Bangladesh has had many victims. Its families have suffered grievous hurt, and some of its people who committed criminal acts have evaded justice. They haven’t expressed remorse. One flashed the V sign; another, during his trial, shouted angrily at the judges, and threatened prosecuting lawyers to wait for the day when his party is in power again.

Many wounds are impossible to heal. Those who have suffered brutality know that. But honest accounting of what happened in 1971 is a good place to start. On Dec. 14, 1971, two days before Gen. A. A. K. “Tiger” Niazi surrendered Pakistani troops to Gen. Jagjit Singh Arora of the Indian Army, the razakars went round with Pakistani troops to the homes of professors, doctors, lawyers, and other intellectuals, singling them out and taking them near Rayer Bazaar. There, they were gunned down. With defeat looming, the collaborators and the Army killed dozens of civilians who would have formed the intellectual backbone of the new nation, as if to cripple it at birth. Many families have searched in vain for answers. These trials attempt to bring some justice to their calls.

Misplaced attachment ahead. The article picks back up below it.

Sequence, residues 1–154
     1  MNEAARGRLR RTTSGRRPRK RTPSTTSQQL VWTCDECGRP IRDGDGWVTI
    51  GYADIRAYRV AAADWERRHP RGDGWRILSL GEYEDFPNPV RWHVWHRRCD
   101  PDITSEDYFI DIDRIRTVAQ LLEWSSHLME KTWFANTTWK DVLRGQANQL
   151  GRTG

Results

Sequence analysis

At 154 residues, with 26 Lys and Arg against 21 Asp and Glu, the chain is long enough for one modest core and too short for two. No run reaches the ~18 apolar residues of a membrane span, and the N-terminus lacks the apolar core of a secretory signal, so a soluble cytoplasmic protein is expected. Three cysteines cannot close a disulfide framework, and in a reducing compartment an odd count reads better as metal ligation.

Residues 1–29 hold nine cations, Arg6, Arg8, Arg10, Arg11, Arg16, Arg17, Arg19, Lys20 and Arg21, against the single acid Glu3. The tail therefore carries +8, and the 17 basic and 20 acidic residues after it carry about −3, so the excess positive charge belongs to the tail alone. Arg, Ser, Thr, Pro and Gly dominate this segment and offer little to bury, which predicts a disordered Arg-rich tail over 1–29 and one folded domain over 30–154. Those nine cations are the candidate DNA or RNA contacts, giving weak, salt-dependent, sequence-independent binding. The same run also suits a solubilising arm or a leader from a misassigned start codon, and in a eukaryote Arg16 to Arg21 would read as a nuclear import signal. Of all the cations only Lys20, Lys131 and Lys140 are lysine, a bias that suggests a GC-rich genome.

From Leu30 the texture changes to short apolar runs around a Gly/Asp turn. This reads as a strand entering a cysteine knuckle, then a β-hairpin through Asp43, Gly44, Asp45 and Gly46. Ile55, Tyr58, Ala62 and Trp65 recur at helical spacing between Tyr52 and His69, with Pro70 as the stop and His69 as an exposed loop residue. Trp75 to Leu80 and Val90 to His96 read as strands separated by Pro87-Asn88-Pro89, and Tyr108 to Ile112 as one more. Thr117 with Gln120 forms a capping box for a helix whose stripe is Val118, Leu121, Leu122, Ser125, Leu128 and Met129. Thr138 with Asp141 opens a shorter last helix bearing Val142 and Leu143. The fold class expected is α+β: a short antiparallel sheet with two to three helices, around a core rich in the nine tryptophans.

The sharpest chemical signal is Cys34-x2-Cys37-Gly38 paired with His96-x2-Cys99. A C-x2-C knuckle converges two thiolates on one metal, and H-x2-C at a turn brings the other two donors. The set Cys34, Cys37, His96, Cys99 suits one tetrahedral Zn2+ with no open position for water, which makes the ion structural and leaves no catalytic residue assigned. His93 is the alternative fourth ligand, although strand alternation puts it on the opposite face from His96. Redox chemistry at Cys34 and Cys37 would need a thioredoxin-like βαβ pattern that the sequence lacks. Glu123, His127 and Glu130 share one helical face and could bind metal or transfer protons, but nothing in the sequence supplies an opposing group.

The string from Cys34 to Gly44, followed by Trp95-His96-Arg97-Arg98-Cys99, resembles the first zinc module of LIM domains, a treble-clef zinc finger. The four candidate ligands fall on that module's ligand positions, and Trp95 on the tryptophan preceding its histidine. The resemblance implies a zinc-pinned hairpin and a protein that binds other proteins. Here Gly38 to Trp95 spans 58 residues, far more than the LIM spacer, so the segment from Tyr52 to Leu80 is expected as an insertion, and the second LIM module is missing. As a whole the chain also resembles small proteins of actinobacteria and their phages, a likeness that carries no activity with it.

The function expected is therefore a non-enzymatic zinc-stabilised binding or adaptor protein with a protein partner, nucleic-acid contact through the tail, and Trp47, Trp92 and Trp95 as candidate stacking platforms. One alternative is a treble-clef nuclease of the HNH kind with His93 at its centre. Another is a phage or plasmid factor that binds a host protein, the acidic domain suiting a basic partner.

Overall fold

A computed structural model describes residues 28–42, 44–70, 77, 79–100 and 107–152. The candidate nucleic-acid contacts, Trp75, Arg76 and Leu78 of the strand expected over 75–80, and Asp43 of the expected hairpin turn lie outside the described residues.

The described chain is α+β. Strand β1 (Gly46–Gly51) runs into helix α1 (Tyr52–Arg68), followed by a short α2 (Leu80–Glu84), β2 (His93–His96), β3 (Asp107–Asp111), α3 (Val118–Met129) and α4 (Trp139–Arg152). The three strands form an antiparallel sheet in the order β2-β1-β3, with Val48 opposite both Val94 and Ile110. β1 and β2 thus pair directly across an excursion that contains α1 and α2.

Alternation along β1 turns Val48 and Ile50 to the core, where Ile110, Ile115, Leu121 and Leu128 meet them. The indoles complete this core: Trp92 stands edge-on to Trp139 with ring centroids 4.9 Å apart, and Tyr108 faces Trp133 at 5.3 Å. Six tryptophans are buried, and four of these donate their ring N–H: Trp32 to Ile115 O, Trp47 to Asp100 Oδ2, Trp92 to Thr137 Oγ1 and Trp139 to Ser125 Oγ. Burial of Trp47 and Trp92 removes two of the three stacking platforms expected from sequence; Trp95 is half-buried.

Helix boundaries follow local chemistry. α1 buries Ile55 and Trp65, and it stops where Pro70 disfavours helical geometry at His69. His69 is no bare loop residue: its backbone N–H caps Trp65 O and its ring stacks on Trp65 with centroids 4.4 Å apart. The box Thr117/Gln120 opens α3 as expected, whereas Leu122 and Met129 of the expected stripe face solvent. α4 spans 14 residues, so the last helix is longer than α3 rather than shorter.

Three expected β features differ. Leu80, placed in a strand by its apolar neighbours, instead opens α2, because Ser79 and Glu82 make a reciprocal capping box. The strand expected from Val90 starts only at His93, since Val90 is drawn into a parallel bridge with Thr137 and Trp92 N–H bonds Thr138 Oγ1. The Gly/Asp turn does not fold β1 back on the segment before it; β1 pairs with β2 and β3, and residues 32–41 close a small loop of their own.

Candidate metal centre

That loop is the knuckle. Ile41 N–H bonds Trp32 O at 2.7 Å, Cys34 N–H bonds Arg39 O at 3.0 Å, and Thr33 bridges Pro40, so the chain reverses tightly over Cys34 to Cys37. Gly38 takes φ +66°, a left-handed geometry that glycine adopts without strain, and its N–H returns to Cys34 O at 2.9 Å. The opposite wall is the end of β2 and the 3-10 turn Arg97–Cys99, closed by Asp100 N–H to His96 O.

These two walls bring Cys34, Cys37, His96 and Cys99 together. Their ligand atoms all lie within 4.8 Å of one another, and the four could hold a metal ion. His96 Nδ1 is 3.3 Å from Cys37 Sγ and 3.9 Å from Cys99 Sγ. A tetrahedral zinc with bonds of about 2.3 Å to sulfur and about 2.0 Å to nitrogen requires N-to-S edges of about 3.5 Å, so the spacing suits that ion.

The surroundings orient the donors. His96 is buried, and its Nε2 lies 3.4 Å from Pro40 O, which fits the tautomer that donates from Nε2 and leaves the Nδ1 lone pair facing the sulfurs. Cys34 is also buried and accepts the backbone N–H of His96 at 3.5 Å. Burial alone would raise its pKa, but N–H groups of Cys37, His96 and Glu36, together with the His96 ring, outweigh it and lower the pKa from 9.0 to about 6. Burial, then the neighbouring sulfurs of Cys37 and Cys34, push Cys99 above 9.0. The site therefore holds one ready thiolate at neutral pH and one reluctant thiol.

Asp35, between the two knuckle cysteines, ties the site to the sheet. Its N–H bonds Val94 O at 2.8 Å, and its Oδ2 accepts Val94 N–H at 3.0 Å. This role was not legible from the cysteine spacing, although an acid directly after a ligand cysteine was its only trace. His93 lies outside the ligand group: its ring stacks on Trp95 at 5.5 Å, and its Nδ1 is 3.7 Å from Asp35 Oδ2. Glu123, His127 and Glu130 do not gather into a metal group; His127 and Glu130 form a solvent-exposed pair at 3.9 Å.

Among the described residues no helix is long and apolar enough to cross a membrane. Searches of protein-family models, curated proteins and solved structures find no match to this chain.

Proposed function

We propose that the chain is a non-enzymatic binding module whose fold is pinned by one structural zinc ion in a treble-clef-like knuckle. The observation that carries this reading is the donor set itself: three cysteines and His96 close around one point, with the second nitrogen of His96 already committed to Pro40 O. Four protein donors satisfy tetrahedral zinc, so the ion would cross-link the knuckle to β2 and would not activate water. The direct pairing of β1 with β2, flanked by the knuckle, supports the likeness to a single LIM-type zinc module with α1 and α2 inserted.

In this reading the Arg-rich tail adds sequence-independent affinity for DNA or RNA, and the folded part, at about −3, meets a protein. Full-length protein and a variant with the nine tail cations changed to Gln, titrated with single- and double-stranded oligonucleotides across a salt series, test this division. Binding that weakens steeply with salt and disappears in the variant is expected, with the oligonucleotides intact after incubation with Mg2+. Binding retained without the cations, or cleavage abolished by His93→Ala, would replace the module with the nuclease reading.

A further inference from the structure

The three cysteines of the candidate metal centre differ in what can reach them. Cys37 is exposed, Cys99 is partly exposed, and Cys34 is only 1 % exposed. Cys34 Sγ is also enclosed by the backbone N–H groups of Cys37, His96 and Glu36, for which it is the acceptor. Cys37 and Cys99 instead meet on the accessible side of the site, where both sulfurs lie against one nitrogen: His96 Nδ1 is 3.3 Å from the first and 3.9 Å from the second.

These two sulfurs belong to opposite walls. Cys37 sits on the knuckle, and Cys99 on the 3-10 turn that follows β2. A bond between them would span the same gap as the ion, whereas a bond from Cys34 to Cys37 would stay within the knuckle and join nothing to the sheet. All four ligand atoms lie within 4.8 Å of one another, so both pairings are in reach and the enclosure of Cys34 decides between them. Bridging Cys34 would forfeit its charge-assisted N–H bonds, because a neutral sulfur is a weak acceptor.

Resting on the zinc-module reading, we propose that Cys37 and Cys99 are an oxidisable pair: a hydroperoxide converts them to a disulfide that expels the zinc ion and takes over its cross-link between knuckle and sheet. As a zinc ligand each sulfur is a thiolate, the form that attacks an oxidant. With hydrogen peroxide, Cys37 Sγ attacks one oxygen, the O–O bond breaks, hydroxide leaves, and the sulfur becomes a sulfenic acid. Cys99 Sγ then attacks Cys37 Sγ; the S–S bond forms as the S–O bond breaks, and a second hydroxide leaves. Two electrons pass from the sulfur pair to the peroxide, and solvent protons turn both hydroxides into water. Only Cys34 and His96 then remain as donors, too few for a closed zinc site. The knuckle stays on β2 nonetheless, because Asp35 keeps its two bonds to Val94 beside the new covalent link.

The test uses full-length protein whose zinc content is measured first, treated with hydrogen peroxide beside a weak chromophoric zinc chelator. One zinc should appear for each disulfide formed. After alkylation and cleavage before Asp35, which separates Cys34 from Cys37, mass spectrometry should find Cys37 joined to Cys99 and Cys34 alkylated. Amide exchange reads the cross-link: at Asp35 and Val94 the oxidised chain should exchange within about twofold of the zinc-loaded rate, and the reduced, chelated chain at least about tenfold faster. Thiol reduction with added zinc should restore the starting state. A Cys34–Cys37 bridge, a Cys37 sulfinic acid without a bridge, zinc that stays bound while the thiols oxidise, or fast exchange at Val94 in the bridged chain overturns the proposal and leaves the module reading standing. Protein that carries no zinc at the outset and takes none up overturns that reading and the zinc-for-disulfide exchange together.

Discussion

But that culture of impunity has prevailed too long. Today there stands a monument at Rayer Bazaar, where a poignant question has been left inscribed: “Tomra je bolechhley, bolchheyki ta Bangladesh?” (“Is Bangladesh saying what they wanted to say?”) That question resounded in the valleys and rivers of this wounded nation for four decades. At last, there are some answers.

First appeared in the Newsweek magazine, March 22, 2013


London-based Tripathi is writing a book, to be published by Aleph Book Company, on the 1971 war